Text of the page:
Hurricane Irma

The seas are rising, frequently flooding the streets even when no storms are on the horizon. But that hasn't stopped foreign investors from shelling out big dollars for Miami real estate. Many are in it for the relatively short-term investment, then they'll try to sell before climate change takes its toll, observers of the local market say.

FEMA Chief Preaches Local Preparedness For Disasters

May 17, 2018

Local officials across Florida shouldn’t rely on the federal government to be on the ground everywhere a day or days after the next natural disaster, the head of the Federal Emergency Management Agency said Wednesday during the annual Governor’s Conference on Hurricanes.

Nancy Klingener / WLRN

There are three hospitals in the Florida Keys — and one of them was critically wounded by Hurricane Irma. Fishermen’s Community Hospital in Marathon has been operating as a field hospital since the storm. Now the hospital’s nonprofit owner is seeking some help from Middle Keys taxpayers to keep it going.

Peter Haden / WLRN

With hurricane season fast approaching, Florida Power and Light is testing its systems — and more than 3,000 employees — to make sure they can get the lights back on quickly after a storm.

All this week at the Riviera Beach command center, the company is drilling for a hypothetical storm with characteristics similar to Hurricane Wilma, which struck Florida in 2005.

The company said it’s applying lessons learned from Hurricane Irma.

Before Hurricane Maria hit last September, Puerto Rico was battered by the forces of another storm — a financial storm.

The island's own government borrowed billions of dollars to pay its bills, a practice that Puerto Rico's current governor, Ricardo Rosselló, now calls "a big Ponzi scheme."

Kate Stein / WLRN

Hurricane Irma uprooted homes and lives in the Florida Keys when it tore through the state last September. The storm also wreaked less visible havoc in many of Florida's low-income communities, where people without cars or living paycheck-to-paycheck struggled to buy food and supplies, and experienced extended power outages.

Nancy Klingener / WLRN

At 11 a.m. Tuesday, a couple dozen people gathered in a place you’d normally want to spend as little time as possible.

Locals call it the Triangle — a piece of median where U.S. 1 connects with Key West.

They were celebrating the return of the iconic “Welcome” sign that was dislodged by Hurricane Irma — then stolen in the days after the storm.

Nadege Green / WLRN

Several South Florida nonprofits are launching five meetings to ensure equality in hurricane recovery efforts, continuing work that began after Hurricane Irma.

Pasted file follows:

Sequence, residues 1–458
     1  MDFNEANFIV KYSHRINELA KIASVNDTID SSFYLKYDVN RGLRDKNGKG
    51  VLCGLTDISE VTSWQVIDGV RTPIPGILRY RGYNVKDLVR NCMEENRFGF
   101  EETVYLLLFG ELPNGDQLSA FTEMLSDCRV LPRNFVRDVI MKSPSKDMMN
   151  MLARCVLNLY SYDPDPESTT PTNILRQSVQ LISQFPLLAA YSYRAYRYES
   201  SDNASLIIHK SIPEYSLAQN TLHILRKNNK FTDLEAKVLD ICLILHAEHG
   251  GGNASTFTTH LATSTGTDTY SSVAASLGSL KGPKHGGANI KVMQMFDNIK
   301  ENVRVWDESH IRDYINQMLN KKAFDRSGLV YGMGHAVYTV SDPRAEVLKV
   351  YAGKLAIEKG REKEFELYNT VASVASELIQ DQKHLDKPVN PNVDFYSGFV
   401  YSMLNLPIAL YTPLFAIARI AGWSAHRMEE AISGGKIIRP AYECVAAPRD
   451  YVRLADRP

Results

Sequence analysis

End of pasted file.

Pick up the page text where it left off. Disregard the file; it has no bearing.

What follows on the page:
National Hurricane Center / NOAA

The forecasters got Hurricane Irma mostly right. At least compared to the predictions of past storms. That’s one of the conclusions from a National Hurricane Center report on the big storm that hit Florida last September.

The names of four deadly hurricanes that slammed parts of the United States, Central America and the Caribbean last year are being retired.

The National Oceanic and Atmospheric Administration announced Thursday that hurricane names Harvey, Irma, Maria and Nate will be replaced with Harold, Idalia, Margot and Nigel. The new names will make their debut during the 2023 hurricane season.

Jack Fishman

Sofas, refrigerators, pipes and lobster traps all wound up littering the Keys reef and backcountry flats after Hurricane Irma blew through in September.

Now the Florida Keys National Marine Sanctuary wants to deploy volunteer divers to remove the debris.

Associated Press

Former President Bill Clinton has picked the University of Miami to launch a new Global Initiative Action Network on Post-Disaster Recovery in the Caribbean, which will focus on developing solutions that address hurricane recovery needs in the region. 

The Clinton Foundation's intention is to secure immediate and long-term aid to Caribbean islands that were devastated by catastrophic Hurricanes Irma and Maria last year.  

County officials in the Florida Keys are looking to get federal money to reimburse them for expenses related to Hurricane Irma. Monroe County officials traveled to Washington DC last week to meet with FEMA officials.

The county has submitted about $16 million in expenses for reimbursement.

So far, FEMA has approved about $3.9 million. Now the county is waiting for the state's Department of Emergency Management to sign off.

Frustration is growing among Florida citrus farmers awaiting the distribution of $2.36 billion in federal disaster-relief money for agriculture losses sustained in Hurricane Irma.

Pages